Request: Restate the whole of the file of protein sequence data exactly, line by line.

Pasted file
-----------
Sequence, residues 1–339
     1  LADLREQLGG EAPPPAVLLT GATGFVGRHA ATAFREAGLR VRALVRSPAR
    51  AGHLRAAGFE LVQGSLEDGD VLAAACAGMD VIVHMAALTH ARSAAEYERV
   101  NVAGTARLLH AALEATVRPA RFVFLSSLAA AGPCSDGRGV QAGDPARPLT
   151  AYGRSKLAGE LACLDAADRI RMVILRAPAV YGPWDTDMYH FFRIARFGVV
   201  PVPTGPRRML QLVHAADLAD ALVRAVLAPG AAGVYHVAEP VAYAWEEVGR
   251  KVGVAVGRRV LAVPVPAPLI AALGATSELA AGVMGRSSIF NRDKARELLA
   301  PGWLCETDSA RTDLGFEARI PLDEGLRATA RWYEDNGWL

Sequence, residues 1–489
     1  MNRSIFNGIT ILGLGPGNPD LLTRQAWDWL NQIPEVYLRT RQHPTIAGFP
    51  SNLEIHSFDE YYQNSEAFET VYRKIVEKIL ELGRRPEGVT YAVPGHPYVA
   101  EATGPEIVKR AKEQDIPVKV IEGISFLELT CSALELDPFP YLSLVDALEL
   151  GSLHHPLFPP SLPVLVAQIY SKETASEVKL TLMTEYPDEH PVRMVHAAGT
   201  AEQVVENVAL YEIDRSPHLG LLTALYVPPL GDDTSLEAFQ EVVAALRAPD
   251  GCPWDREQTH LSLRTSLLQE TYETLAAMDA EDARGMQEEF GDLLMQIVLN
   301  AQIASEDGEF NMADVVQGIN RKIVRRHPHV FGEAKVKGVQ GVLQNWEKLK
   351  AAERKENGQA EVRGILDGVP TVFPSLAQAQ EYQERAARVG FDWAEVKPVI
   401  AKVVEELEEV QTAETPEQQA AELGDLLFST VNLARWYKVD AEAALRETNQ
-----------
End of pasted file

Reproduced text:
Sequence, residues 1–339
     1  LADLREQLGG EAPPPAVLLT GATGFVGRHA ATAFREAGLR VRALVRSPAR
    51  AGHLRAAGFE LVQGSLEDGD VLAAACAGMD VIVHMAALTH ARSAAEYERV
   101  NVAGTARLLH AALEATVRPA RFVFLSSLAA AGPCSDGRGV QAGDPARPLT
   151  AYGRSKLAGE LACLDAADRI RMVILRAPAV YGPWDTDMYH FFRIARFGVV
   201  PVPTGPRRML QLVHAADLAD ALVRAVLAPG AAGVYHVAEP VAYAWEEVGR
   251  KVGVAVGRRV LAVPVPAPLI AALGATSELA AGVMGRSSIF NRDKARELLA
   301  PGWLCETDSA RTDLGFEARI PLDEGLRATA RWYEDNGWL

Sequence, residues 1–489
     1  MNRSIFNGIT ILGLGPGNPD LLTRQAWDWL NQIPEVYLRT RQHPTIAGFP
    51  SNLEIHSFDE YYQNSEAFET VYRKIVEKIL ELGRRPEGVT YAVPGHPYVA
   101  EATGPEIVKR AKEQDIPVKV IEGISFLELT CSALELDPFP YLSLVDALEL
   151  GSLHHPLFPP SLPVLVAQIY SKETASEVKL TLMTEYPDEH PVRMVHAAGT
   201  AEQVVENVAL YEIDRSPHLG LLTALYVPPL GDDTSLEAFQ EVVAALRAPD
   251  GCPWDREQTH LSLRTSLLQE TYETLAAMDA EDARGMQEEF GDLLMQIVLN
   301  AQIASEDGEF NMADVVQGIN RKIVRRHPHV FGEAKVKGVQ GVLQNWEKLK
   351  AAERKENGQA EVRGILDGVP TVFPSLAQAQ EYQERAARVG FDWAEVKPVI
   401  AKVVEELEEV QTAETPEQQA AELGDLLFST VNLARWYKVD AEAALRETNQ